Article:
Bottom Line: Here we report the development of a novel 3D imaging and reconstruction strategy that we term Serial Section Array-Scanning Electron Microscopy (SSA-SEM) and its application to the analysis of VZV-infected cells and these nuclear PML cages.This method allowed a quantitative determination of how many nucleocapsids can be sequestered within individual PML cages (sequestration capacity), what proportion of nucleocapsids are entrapped in single nuclei (sequestration efficiency) and revealed the ultrastructural detail of the PML cages.This SSA-SEM analysis extends our recent characterization of PML cages and provides a proof of concept for this new strategy to investigate events during virion assembly at the single cell level.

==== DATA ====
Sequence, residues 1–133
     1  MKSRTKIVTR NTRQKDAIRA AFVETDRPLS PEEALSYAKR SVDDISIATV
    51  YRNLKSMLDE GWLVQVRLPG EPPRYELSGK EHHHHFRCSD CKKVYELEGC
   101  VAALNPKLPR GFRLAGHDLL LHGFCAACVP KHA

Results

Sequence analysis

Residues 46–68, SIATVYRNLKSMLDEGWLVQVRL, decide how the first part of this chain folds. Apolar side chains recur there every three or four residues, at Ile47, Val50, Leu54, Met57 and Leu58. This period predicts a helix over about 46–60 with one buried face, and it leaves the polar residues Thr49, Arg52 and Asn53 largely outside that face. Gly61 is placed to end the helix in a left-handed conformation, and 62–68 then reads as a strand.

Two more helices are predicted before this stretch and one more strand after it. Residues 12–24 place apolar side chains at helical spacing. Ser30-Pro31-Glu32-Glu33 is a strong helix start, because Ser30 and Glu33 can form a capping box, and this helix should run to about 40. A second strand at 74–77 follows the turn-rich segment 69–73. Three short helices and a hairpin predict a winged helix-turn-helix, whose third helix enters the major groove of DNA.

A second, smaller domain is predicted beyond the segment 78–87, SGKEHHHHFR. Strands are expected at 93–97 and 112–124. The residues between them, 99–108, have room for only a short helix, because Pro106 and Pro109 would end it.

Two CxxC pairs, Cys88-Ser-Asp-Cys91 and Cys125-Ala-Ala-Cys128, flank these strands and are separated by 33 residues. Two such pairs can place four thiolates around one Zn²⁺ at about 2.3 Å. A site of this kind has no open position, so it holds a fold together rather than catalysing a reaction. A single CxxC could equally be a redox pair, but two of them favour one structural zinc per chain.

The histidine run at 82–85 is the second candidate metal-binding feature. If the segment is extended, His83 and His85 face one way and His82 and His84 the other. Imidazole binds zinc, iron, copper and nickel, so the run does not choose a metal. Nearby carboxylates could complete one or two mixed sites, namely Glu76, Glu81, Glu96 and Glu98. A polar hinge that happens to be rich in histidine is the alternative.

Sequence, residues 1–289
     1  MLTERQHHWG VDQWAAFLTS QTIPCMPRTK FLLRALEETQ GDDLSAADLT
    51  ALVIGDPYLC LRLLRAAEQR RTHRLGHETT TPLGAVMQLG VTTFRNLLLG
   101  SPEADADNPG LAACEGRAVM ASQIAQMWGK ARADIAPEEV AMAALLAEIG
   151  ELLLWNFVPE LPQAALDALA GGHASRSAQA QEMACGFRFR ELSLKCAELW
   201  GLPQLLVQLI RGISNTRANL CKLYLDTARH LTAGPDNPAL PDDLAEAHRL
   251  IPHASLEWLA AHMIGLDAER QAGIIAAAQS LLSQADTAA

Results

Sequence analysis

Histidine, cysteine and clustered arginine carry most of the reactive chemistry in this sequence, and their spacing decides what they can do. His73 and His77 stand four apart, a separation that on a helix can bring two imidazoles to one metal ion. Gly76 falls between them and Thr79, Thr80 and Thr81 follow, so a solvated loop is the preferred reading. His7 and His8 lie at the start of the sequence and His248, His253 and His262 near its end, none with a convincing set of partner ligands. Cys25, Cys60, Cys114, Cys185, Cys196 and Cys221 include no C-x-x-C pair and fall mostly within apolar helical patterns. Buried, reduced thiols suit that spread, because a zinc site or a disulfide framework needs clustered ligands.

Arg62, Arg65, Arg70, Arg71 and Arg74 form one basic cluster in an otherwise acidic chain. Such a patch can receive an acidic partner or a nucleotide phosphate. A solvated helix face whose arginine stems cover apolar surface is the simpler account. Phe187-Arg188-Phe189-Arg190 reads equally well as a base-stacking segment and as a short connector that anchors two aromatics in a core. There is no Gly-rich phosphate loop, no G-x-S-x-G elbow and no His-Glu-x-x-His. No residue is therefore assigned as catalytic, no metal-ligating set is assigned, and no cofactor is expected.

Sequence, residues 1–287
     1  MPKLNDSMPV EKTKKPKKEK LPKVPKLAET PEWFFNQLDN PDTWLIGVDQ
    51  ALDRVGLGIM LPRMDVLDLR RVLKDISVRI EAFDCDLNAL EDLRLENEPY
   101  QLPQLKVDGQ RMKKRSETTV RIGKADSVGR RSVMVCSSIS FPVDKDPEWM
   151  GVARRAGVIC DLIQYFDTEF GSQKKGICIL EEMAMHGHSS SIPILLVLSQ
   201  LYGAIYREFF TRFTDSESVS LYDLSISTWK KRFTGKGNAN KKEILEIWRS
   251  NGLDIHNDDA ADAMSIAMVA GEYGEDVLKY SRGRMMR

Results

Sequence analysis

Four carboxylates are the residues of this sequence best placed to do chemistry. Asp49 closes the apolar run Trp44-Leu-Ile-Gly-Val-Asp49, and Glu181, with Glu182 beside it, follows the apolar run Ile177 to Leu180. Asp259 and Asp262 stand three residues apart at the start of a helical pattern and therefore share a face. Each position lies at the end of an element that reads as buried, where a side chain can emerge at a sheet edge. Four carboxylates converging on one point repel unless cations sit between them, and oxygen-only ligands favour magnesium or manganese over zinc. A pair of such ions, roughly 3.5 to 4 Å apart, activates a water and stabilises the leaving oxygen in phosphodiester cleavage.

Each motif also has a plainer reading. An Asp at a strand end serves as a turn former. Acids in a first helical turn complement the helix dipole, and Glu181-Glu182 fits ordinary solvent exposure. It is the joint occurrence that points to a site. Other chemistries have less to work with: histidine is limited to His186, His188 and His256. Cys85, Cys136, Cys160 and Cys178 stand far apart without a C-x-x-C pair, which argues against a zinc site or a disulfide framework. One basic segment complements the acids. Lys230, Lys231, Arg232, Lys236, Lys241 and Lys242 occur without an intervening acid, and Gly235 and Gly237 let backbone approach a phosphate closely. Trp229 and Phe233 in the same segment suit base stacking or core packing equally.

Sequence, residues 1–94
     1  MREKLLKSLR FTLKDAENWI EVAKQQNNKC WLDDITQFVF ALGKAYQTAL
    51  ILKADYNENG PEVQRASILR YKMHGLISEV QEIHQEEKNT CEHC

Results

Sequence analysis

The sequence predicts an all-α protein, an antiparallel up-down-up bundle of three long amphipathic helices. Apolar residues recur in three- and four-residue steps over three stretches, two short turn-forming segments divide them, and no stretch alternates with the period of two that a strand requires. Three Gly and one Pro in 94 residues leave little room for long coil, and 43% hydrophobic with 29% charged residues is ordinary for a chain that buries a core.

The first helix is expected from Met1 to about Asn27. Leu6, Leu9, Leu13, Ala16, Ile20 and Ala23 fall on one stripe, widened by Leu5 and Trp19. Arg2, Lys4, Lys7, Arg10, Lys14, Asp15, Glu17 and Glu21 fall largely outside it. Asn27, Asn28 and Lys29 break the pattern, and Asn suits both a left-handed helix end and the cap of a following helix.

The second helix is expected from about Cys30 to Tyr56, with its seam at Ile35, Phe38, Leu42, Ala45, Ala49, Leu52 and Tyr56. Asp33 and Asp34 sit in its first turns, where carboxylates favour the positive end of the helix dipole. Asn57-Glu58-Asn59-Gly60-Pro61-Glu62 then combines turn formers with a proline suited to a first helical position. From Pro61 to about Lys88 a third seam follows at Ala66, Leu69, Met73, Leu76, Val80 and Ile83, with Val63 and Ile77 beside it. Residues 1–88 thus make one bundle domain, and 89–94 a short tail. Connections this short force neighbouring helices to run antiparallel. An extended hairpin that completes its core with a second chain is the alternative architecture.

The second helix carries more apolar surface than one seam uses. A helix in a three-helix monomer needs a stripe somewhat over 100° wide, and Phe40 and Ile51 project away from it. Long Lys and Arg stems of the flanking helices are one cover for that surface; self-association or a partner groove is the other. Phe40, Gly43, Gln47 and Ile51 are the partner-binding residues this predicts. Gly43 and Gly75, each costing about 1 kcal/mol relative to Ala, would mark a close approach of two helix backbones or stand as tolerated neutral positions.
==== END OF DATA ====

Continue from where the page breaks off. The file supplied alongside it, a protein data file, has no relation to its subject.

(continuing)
View Article: PubMed Central - PubMed

Affiliation: Departments of Pediatrics and Microbiology & Immunology, Stanford University School of Medicine, Stanford, California, United States of America. reichelt@stanford.edu

ABSTRACT